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Vintage 101: Don't Trust Your Secrets to the Sea

Don't Trust Your Secrets to the Sea

With each new set release, Wizards of the Coast updates the Banned and Restricted List for various formats. The most recent update for Eldritch Moon came with absolutely no changes. This move was somewhat of a reprieve, as recent updates have contained a fair amount of changes to the Vintage restricted list. Treasure Cruise, Dig Through Time, Chalice of the Void, and most recently Lodestone Golem have all been restricted. The Vintage community has contrasting opinions on the state of the format; some folks want more cards restricted; others were happy with no changes. 

There are several cards that people bring up as potential candidates for restriction, but the number one card is Gush. Gush has a long and sordid history with the Vintage restricted list. It happens to be one of the few cards to have been restricted on more than one occasion. I'm more or less fine with Gush being unrestricted, but the arguments against it are not without merit. 

To properly gauge the issue, I think it's important to take a look at the big picture. Today's Vintage player has a wealth of card-drawing spells to choose from. In the span of time that Treasure CruiseDig Through Time, and Chalice of the Void were restricted, former Vintage all-stars Gifts Ungiven and Thirst for Knowledge were released from prison for good behavior. 

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Gifts and Thirst were each the best blue card-drawing spells of their era. Gifts, Thirst, and Gush were even on the restricted list at the same time, from June 2008 to June 2009. In fact, we are now in the first Vintage metagame where Gush, Thirst for Knowledge, and Gifts Ungiven are all completely legal four-ofs. This metagame has a wealth of card-drawing spells available to players, yet one of the spells is seeing significantly more play. 

Since Gifts came back, it has hardly been a blip on the radar of Vintage players. Thirst saw a spike in play immediately following its unrestriction, but it has dwindled down to the point of being a fringe player. The Turbo-Time Vault decks and Grixis Thieves decks were quite popular on Magic Online for a while, but lately these "Big Blue" Thirst decks have all but disappeared.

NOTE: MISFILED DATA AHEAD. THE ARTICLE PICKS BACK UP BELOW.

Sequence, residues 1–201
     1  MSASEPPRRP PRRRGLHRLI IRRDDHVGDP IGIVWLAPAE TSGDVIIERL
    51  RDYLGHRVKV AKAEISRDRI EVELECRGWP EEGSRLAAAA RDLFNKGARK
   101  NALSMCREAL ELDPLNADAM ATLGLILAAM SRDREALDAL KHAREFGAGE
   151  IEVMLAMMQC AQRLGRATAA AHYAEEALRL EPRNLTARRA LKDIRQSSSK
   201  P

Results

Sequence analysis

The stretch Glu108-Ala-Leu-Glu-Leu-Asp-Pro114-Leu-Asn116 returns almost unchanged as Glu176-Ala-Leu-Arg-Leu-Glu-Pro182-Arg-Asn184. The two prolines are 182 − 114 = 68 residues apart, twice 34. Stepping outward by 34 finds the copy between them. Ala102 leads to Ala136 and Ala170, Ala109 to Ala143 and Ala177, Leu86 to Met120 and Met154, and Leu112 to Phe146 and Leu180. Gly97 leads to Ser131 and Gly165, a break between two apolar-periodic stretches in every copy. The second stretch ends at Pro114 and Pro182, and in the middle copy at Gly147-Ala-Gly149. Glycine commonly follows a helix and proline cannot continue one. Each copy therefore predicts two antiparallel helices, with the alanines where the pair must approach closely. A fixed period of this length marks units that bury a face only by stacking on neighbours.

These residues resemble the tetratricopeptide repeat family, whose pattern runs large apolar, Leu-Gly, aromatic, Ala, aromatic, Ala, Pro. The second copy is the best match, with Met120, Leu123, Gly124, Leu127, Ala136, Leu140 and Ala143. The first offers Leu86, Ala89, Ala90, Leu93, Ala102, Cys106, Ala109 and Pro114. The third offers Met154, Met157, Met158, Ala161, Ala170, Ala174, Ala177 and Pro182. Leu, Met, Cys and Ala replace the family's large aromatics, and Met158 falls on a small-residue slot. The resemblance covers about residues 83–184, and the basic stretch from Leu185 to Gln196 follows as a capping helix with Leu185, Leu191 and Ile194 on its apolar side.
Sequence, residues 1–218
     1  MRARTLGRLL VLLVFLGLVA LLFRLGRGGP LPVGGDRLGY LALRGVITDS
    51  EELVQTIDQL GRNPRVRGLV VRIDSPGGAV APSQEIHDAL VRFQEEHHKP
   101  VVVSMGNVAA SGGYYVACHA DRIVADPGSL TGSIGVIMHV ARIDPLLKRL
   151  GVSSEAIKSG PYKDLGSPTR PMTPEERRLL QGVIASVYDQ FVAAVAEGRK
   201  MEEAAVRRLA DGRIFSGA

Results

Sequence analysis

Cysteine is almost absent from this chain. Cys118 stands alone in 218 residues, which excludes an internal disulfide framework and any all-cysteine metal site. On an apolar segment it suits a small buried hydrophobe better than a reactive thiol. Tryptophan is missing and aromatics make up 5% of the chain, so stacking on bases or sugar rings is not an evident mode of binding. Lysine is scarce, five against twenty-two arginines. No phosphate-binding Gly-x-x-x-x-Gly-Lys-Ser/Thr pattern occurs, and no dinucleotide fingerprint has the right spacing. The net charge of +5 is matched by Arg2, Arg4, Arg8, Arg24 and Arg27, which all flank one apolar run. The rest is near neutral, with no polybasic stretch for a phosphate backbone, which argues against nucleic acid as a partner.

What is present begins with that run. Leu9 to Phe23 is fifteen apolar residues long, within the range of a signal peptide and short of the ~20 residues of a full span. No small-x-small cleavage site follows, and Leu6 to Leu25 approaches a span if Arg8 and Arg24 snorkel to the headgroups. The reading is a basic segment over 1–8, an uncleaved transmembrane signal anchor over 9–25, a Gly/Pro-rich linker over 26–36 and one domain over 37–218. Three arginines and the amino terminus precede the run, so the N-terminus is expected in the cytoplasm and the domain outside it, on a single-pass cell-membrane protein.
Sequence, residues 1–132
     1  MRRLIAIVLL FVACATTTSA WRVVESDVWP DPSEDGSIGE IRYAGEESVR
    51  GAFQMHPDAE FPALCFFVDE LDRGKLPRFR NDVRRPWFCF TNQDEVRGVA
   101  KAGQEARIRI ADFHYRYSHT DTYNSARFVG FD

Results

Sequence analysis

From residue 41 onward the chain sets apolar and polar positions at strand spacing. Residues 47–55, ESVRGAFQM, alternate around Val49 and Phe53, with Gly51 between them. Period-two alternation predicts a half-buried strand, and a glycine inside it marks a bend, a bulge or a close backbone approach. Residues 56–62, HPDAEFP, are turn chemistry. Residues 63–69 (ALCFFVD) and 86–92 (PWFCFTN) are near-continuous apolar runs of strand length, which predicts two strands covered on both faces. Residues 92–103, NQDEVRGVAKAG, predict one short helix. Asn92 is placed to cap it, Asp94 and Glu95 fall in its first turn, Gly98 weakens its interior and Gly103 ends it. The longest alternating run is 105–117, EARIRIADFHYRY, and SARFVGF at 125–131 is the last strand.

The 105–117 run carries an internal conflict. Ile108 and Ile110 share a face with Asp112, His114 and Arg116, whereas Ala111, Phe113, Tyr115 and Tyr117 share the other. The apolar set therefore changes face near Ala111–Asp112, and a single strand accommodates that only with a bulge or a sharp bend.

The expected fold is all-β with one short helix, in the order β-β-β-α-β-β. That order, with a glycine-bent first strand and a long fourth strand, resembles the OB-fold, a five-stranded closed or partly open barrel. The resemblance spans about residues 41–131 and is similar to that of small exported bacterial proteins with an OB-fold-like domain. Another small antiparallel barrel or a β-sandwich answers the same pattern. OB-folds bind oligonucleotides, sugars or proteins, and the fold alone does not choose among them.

If Vintage players have Thirst for Knowledge and Gifts Ungiven at their disposal, why does everyone choose Gush instead? Is Gush really so much better than any other option as to make all other card-drawing spells obsolete? I don't think that by itself Gush is inherently better than everything else, but when you take into account the environment it currently exists in, it is just better. 

Times Change

In a vacuum, I think that each of the big three draw spells are immensely powerful. The likeliest reason that Gush is the number one draw spell in Vintage is that subsequent printings have been a detriment to Thirst and Gifts. Gush, on the other hand, has greatly benefited from recent printings. 

Gifts Ungiven and Thirst for Knowledge are at the higher-end of Vintage-playable mana costs. Playing for a three or four mana spell is certainly possible, but it's much harder than casting a Gush for free. Cards like Spell Pierce and Flusterstorm make casting a more expensive card much more difficult. If you cast a Gush during your third turn main phase, you can float two mana and pay for a Flusterstorm or Spell Pierce

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During the times that Gifts and Thirst were at their peak, Mana Drain was a much better card. Both of these spells are great mana dumps for your Mana Drain mana, and accordingly the cards were often paired together. Mana Drain isn't seeing much play these days, so there's less of an incentive to play the more expensive draw spells. 

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Grafdigger's Cage is a card that didn't exist during the height of Gifts Ungiven. While it is possible to simply cast Gifts and grab four good cards with it, the best use of the card involves a pile of four cards that wins the game. Years ago, cards like Recoup were used to ensure that you could replay the spells that your opponent put in your graveyard. Since Grafdigger's Cage shuts off your ability to cast cards from your graveyard, it relegates Gifts Ungiven to grabbing four good cards and hoping for the best. 

Graveyard hate has gotten more prevalent and powerful in recent history thanks to the ever-present nature of Dredge in the format. Graveyard hate alone is not enough to stop Gifts from being a good card, but it does put a damper on the overall power level of the card in contemporary Vintage. 

In contrast to the other formerly-restricted draw spells, Gush has seen a wealth of printings that make the card much better.

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Token-generating creatures like Mentor and Pyromancer are great with Gush, as are the similar growing creatures like Thing in the Ice and Managorger Hydra.  The first two times Gush was restricted it was being used with Psychatog, Quirion Dryad, or, later on, with Tendrils of Agony or Empty the Warrens. Mentor and Pyromancer are basically just better versions of Psychatog and Quirion Dryad. The powerful growing creatures of contemporary Vintage might not have unrestricted access to Brainstorm and Ponder, but they've got Preordain, Gitaxian Probe, and Mental Misstep which are nearly as good. Mental Misstep also gives the Mentor/Pyromancer decks a way to protect their namesake creatures for free!

Young Pyromancer and Monastery Mentor are the best two creatures in Vintage by a long shot. Both creatures incentivize spell chaining, so it only makes sense that you'd want to build your deck with as many cheap or free spells as you can find. The mana efficiency of Gush makes it work better with Probes, Preordains, and Mental Missteps than any other unrestricted draw spell could